Preoperative gastroesophageal reflux disorder is associated with increased morbidity in patients undergoing abdominal surgery

Ashwini Tilak, Adriana G. Ramirez, Florence E. Turrentine, Min Woong Sohn, R. Scott Jones

Research output: Contribution to journalArticlepeer-review

1 Scopus citations


Background: In North America, the prevalence of gastroesophageal reflux disorder ranges from 18.1% to 27.8%. We measured the risk posed by preoperative esophageal disease for patients undergoing abdominal operations. Method: American College of Surgeons National Surgical Quality Improvement Program (ACS NSQIP; 2005-2015) data were merged with institutional clinical data repository records to identify esophageal disease in surgical patients undergoing intra-abdominal procedures. Patients with esophageal disease were classified as gastroesophageal reflux disorder (GERD) or other, which included patients with esophageal stricture, spasm, ulcer, or diverticuli, achalasia, esophagitis, reflux esophagitis, Barrett's esophagus, and multiple esophageal diagnoses, excluding GERD. ACS NSQIP–targeted procedure groups included were colectomy, proctectomy, ventral hernia repair, bariatric surgery, hepatectomy, appendectomy, abdominal aortic aneurysm repair, open aortoiliac repair, hysterectomy, myomectomy, and oophorectomy. Multivariable logistic regression was used to model postoperative complication rates, adjusting for ACS NSQIP risk of morbidity, demographic factors, ACS NSQIP–targeted procedure groups, and open versus laparoscopic surgery. Results: Of 9172 intra-abdominal cases, 21.3% had preoperative esophageal disease (19.6% GERD and 1.7% other). After adjustment, patients with GERD were at higher risk for experiencing a number of complications, including all-cause 30-d complication (odds ratio [OR] = 1.21, 95% confidence interval [CI] 1.05-1.41, P = 0.044), renal complication (OR = 1.43, 95% CI 1.09-1.87, P = 0.036), wound complication (OR = 1.40, 95% CI 1.10-1.79, P = 0.028), and readmission within 30 d (OR = 1.66, 95% CI 1.35-2.04, P < 0.001). Conclusions: Preoperative GERD is associated with increased postoperative complication rate. Surgeons should consider assessing GERD in patients undergoing abdominal operations.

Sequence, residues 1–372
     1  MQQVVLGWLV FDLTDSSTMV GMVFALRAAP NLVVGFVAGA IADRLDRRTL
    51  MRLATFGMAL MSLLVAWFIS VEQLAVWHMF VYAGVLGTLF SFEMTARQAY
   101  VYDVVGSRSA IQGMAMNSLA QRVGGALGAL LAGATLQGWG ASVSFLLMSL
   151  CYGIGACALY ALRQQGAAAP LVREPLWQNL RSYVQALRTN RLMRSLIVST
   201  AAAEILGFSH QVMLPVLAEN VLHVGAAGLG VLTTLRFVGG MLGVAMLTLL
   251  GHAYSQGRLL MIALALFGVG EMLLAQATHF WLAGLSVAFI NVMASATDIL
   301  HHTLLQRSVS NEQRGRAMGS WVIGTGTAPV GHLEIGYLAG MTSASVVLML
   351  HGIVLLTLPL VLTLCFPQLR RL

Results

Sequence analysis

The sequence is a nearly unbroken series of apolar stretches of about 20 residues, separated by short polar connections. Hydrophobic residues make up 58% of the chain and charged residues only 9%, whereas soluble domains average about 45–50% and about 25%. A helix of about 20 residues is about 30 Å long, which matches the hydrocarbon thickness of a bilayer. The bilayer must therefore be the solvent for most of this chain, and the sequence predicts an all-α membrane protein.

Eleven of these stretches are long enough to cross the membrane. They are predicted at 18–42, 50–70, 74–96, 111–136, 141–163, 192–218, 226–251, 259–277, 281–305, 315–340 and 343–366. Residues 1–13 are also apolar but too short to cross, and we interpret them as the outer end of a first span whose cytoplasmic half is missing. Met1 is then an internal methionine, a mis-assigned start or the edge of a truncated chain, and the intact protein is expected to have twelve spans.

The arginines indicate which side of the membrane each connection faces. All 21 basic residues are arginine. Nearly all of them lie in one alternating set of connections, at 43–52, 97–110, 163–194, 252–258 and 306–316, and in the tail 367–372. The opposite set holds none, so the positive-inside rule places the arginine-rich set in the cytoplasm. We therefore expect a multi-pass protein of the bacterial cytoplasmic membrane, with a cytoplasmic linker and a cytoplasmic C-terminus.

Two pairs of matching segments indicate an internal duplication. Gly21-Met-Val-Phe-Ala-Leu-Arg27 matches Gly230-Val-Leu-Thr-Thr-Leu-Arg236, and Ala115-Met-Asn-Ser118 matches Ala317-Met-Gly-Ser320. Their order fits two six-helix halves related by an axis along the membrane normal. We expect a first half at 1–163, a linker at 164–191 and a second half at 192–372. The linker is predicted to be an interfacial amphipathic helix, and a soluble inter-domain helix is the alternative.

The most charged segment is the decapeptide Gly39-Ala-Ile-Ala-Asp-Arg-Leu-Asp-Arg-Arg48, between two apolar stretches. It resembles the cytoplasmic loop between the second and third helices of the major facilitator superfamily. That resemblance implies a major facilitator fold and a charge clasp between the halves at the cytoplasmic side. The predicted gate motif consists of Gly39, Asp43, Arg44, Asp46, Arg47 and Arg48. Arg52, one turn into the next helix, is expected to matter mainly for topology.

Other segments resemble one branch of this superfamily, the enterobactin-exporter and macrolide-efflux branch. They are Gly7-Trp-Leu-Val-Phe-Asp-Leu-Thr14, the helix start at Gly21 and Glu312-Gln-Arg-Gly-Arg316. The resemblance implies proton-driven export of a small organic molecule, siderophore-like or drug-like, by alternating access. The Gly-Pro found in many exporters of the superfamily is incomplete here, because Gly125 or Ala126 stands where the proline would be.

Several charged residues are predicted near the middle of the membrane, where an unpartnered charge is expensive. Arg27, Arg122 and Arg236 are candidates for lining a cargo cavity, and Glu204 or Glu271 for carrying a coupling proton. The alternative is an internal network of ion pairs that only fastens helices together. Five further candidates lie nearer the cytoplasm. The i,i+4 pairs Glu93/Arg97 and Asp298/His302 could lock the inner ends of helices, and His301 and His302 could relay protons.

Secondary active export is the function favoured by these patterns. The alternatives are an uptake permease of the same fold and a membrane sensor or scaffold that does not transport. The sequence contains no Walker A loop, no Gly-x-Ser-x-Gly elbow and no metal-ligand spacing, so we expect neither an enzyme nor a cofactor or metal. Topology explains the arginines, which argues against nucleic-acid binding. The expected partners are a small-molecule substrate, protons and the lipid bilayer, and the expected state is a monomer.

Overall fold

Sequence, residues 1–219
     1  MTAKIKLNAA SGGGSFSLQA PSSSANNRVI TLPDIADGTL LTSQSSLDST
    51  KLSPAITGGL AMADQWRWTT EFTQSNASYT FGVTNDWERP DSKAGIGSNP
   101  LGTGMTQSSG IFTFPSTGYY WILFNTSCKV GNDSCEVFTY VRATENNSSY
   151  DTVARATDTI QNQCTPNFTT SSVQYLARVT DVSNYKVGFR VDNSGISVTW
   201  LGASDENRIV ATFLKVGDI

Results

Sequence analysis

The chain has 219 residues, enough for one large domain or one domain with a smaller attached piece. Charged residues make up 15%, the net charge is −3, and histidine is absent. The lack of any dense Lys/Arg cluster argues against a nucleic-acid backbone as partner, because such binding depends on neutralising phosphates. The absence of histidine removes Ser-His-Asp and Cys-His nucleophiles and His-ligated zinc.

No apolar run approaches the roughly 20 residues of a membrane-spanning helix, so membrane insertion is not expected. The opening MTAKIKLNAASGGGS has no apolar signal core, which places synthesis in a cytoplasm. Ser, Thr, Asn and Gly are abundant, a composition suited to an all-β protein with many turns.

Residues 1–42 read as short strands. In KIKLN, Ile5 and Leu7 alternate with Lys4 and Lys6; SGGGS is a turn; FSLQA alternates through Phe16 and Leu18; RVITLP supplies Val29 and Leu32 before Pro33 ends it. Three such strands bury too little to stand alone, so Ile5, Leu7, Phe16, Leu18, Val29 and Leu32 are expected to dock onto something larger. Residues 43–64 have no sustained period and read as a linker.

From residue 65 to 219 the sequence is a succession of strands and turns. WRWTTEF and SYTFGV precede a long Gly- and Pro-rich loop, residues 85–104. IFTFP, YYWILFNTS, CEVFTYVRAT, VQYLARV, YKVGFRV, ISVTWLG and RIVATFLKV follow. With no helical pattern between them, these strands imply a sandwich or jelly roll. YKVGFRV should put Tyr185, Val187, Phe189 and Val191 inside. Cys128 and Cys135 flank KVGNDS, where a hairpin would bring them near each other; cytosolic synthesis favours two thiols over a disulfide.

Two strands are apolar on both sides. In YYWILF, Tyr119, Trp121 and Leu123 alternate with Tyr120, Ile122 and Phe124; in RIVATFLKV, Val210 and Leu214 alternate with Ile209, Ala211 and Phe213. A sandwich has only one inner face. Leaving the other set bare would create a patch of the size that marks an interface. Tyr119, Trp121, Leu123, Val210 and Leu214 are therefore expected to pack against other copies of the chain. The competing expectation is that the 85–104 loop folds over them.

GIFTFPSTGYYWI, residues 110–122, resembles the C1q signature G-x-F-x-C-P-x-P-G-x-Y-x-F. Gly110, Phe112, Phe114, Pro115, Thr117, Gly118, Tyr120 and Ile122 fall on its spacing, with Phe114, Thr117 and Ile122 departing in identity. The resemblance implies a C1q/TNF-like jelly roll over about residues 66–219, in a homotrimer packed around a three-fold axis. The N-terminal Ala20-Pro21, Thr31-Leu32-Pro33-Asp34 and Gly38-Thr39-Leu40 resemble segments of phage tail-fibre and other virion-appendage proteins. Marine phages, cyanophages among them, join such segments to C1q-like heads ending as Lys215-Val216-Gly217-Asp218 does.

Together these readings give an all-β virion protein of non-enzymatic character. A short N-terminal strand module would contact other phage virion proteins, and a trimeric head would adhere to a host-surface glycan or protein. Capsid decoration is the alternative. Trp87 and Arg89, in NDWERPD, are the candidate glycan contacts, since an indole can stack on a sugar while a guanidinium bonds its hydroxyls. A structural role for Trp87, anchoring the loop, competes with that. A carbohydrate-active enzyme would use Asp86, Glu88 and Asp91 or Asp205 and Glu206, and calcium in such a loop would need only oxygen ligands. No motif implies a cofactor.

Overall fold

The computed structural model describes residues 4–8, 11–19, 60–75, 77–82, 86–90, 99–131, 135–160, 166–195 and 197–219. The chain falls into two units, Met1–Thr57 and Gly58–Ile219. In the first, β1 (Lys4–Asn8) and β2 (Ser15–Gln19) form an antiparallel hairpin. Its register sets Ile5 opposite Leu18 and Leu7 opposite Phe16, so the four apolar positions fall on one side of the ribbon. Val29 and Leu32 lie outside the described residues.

Original languageEnglish
Pages (from-to)587-594
Number of pages8
JournalJournal of Surgical Research
StatePublished - Dec 2018

Bibliographical note

Publisher Copyright:
© 2018 Elsevier Inc.


  • Abdominal surgery
  • Esophageal disease
  • GERD
  • Postoperative complications

ASJC Scopus subject areas

  • Surgery


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